Cambridge I find very similar in feel and experience to Oxford. A large part of the city is taken up by colleges and for many it's the key appeal. While the architecture is wonderful (and makes some great photos for Instagram, not gonna lie), I actually far prefer walking along the River Cam, popping back and forth across the bridges, and having a picnic in some of the grassy parks along the river bed. It's a very compact city, making it again easy to walk around and just explore without having any set destination in mind. Though when you visit I do recommend you check out the King's College Chapel, Wren Library in Trinity College, the Botanical Gardens, and one of Cambridge's many museums. Again, this is a great city to browse the shops as they have both main stream high street ones and cute independent shops in abundance.
Cambridge is a little over an hour away from London's King's Cross and Liverpool Street, with a return ticket starting from £12.
The final day trip from London in this post is very different from the ones mentioned before. Manchester is not picturesque like Oxford, Cambridge and Bath, nor does it have the seaside like Brighton does. This is a big city very much like London, and yet it doesn't feel as hectic or crowded. There is a lot to see and do in Manchester and I've been for weekend breaks before to pack everything in. However, if you only have a single day, the short-ish journey time from London definitely makes this one doable. I recommend doing some sightseeing by going to the John Ryland Library (very impressive and gorgeous), Manchester Museum (you can easily spend half a day here but try to do a whirlwind visit of an hour or two) and pop by the Alan Turing memorial. After that, give yourself a little break with a brunch or afternoon tea at the gorgeous Richmond Tea Rooms, before heading into the city for some retail therapy. Top tip: Manchester is amazing at Christmas time as there are a ton of Christmas markets, so if you go only once this year definitely time to do this in December. I'll be going to Manchester again in June, this time for just a day, so I'll be sure to jot down my experience in a blog post then.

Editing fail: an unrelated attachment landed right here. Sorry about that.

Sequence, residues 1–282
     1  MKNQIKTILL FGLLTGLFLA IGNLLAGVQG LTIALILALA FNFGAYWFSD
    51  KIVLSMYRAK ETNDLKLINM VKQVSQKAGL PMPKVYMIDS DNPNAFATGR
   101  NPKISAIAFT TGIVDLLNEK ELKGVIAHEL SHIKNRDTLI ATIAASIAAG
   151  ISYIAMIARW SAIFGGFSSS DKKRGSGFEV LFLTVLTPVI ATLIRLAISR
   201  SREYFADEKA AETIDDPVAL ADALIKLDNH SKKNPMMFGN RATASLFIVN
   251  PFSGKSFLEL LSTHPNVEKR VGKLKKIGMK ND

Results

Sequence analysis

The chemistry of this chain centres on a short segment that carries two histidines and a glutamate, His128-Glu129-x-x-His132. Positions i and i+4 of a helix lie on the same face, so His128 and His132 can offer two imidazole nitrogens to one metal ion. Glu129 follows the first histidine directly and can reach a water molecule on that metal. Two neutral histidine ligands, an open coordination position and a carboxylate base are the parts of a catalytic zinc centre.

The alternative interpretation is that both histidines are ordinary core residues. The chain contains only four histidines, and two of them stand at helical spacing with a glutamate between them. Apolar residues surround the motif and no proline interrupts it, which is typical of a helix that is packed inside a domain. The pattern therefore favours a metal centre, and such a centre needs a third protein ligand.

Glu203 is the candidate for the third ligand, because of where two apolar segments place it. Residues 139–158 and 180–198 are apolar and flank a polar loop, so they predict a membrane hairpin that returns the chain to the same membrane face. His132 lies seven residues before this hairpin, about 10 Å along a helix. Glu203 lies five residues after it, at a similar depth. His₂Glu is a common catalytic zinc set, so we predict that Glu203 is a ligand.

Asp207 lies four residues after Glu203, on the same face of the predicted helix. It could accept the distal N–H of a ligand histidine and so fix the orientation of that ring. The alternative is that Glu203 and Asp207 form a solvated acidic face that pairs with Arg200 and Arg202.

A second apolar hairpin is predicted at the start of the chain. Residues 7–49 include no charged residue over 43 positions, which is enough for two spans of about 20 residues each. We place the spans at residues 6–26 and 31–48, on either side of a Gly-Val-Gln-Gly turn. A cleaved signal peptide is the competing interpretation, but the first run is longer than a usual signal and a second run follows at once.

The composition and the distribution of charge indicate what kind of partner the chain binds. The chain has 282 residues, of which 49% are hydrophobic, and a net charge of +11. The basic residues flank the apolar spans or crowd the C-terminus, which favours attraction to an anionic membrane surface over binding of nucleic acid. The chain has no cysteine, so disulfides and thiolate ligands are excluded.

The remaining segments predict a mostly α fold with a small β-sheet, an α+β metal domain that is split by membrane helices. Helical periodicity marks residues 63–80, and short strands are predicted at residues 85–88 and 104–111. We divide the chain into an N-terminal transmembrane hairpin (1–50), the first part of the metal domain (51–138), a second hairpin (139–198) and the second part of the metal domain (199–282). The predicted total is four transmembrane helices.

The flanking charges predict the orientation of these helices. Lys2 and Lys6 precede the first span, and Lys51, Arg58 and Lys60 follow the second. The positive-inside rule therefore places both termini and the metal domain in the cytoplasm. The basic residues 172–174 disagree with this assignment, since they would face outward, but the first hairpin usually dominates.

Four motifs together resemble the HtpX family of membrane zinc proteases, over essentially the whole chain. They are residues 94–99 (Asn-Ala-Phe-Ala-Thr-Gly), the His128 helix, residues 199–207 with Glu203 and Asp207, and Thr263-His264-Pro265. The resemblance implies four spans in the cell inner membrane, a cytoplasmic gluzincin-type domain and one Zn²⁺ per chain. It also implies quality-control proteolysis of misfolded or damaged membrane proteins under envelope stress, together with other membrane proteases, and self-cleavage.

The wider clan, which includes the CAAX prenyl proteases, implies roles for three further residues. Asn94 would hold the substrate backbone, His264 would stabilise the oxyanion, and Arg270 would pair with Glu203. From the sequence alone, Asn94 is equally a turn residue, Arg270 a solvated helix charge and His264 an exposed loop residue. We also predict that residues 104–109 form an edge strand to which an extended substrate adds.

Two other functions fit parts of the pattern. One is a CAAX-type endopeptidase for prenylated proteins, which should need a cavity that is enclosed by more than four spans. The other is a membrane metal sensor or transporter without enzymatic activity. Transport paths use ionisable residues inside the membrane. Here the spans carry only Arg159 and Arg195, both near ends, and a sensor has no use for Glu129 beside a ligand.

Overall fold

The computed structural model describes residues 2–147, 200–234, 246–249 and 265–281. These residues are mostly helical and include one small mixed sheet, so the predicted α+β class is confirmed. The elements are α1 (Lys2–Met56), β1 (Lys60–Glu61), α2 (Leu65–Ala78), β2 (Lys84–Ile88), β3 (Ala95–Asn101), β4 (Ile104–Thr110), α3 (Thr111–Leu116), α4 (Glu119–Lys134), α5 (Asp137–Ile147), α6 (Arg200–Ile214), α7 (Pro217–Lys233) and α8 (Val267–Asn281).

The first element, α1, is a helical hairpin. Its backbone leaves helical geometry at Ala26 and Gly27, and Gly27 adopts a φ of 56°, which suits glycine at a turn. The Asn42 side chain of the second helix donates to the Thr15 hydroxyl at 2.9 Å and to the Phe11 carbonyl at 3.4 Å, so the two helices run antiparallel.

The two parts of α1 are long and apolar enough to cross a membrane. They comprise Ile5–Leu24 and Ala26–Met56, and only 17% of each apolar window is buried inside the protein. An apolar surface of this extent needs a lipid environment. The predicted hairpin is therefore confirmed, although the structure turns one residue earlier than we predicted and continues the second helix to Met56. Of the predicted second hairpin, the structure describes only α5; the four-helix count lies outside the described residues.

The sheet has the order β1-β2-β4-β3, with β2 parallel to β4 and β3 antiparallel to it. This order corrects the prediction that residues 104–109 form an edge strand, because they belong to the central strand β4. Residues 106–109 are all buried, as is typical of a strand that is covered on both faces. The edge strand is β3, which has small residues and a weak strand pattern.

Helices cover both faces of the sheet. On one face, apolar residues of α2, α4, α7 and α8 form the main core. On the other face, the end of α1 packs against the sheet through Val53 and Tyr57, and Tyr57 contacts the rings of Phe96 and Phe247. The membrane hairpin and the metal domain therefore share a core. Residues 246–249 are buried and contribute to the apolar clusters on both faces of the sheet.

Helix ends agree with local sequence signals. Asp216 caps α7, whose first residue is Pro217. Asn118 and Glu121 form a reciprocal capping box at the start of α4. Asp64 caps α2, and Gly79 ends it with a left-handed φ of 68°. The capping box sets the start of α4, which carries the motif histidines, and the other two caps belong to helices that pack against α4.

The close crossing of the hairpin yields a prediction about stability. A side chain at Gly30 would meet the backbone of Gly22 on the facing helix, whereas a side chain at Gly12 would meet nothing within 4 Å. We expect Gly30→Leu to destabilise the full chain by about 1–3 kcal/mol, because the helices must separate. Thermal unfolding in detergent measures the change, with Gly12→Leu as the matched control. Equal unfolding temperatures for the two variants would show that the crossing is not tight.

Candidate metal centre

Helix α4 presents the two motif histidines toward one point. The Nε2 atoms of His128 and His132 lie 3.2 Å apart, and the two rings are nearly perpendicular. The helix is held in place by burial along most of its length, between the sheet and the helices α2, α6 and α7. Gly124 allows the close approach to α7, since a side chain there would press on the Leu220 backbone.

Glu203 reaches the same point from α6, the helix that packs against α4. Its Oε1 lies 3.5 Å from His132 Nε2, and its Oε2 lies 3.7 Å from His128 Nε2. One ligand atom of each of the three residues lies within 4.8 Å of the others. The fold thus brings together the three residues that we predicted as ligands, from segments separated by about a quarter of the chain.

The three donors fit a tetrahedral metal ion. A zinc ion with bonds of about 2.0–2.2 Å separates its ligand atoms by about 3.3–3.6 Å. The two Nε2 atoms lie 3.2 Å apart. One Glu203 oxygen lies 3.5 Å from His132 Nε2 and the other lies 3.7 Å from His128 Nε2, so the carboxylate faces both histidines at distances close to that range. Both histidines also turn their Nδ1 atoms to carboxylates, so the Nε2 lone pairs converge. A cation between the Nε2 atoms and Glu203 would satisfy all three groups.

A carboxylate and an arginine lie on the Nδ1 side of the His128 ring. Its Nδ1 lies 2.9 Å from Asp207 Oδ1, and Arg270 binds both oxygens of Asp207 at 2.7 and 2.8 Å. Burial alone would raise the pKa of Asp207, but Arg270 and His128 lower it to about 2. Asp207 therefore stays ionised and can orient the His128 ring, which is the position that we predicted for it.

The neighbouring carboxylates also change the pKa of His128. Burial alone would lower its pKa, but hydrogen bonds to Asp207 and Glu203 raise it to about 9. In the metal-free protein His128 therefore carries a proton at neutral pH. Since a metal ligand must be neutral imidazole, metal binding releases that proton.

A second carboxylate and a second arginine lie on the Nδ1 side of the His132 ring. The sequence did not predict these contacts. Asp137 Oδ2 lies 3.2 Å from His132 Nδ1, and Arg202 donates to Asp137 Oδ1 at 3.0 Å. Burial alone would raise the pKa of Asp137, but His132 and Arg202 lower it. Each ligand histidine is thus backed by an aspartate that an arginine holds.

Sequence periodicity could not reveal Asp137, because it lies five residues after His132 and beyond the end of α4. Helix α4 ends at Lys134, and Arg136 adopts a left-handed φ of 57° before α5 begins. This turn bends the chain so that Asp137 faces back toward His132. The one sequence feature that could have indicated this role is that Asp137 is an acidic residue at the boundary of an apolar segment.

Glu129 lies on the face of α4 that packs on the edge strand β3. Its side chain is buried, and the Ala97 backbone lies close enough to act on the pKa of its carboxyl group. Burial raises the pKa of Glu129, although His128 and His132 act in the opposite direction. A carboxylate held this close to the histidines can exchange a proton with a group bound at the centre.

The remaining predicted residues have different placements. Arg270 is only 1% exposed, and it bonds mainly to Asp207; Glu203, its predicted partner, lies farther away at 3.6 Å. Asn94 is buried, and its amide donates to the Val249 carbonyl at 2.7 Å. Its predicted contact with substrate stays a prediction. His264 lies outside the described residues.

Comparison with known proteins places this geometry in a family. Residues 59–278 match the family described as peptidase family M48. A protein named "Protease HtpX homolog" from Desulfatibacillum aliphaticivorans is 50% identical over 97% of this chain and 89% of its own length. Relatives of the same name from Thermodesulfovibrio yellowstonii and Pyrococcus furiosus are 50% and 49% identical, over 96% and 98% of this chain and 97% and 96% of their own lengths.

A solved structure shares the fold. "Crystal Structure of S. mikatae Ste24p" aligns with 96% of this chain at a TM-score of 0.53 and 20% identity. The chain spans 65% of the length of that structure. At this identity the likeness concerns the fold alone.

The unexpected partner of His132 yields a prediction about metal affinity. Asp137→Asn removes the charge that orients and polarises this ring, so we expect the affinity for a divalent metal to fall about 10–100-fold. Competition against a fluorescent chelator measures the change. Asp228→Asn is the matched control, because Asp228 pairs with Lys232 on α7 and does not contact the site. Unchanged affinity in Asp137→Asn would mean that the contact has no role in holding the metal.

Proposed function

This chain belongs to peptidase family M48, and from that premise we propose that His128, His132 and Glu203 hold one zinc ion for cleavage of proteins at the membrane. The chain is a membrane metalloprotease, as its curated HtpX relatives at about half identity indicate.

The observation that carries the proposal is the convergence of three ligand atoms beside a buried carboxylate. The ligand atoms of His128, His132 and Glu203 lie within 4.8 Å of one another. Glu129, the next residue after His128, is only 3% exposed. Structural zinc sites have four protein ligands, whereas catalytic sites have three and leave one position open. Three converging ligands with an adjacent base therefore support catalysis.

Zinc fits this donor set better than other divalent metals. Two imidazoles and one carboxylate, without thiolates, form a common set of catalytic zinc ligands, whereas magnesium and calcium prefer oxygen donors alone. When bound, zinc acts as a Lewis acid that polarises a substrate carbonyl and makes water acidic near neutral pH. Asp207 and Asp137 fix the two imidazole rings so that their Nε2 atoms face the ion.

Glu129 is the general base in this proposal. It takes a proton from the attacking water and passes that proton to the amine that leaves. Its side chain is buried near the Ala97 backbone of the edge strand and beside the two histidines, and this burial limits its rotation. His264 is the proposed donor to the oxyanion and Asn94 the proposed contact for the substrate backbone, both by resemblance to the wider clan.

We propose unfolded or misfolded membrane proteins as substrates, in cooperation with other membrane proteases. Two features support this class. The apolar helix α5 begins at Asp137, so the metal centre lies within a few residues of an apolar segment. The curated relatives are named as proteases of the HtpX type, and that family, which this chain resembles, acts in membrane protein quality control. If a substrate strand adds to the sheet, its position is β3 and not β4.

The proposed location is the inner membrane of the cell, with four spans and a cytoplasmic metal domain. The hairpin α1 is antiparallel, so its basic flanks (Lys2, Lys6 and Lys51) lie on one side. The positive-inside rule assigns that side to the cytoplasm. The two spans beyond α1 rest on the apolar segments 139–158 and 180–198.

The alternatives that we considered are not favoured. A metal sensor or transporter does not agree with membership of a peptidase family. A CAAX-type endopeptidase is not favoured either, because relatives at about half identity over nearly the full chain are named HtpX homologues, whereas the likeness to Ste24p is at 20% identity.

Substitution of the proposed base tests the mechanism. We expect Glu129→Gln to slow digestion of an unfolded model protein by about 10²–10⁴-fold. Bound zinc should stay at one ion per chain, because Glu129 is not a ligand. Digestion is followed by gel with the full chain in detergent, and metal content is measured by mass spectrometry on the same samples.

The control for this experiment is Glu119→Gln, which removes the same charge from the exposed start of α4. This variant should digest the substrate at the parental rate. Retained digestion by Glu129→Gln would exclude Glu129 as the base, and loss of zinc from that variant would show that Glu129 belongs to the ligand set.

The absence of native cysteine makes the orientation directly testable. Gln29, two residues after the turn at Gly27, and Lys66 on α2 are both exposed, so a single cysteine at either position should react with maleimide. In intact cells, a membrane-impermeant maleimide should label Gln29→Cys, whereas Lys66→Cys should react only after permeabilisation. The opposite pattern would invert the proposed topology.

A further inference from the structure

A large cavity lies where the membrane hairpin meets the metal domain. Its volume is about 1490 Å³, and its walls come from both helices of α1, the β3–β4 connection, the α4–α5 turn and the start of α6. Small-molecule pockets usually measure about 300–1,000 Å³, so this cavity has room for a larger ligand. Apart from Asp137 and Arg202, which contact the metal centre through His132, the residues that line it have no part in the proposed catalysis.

Manchester is just over a two-hour journey from London Euston Station with average return tickets being £20 (though you can get them for £10 during offer times as well).
How to Get the Lowest Train Fares
The above train fares are some of the cheapest ones I've been able to score for these journeys and here are some top tips for you to be able to do the same:
- Book early (up to 3 months in advance) and try to get yourself a Super Off Peak Day Return (this isn't linked to a set train time, just a day, so you can decide to leave earlier or later than initially planned).
- If you're flexible with dates, use the Trainline cheap fare finder to see which dates have the best available fares left when booking.
- Sign up to the Virgin Trains emails, they often do special offers such as London-Manchester (or Liverpool) for £5 one way. And when you're looking at Weekend Breaks, London-Edinburgh can be as cheap as £28 return.
- Also use the Virgin Trains website to book tickets for other rail providers as they are the ones that I have found have the lowest booking fees (none) and you can collect your tickets for free from the station rather than having to pay for shipping. And if you have a Nectar card you can link it to your account to collect points too and/or use your points to pay for the tickets.
- If you live in London or commute to London for work, consider getting an Annual Season Travel Pass as it'll come with a Gold Annual Rail Card that cuts your fares in the South East of England even further (for example, a Brighton-London return could be as cheap as £7.15).
One Final Note...
You'll notice that all day trips I choose for this post are cities themselves, but despite this they all feel far more small-town and relaxing than London does – and so they make the perfect escape from hectic city life. The reason I went for cities opposed to the country side is that while I love forest hikes and exploring mansion houses they're not always as easily reachable by train as the above examples are. There are exceptions of course, but that is for another post.
What are your favourite day trips from London? Let me know in the comments below!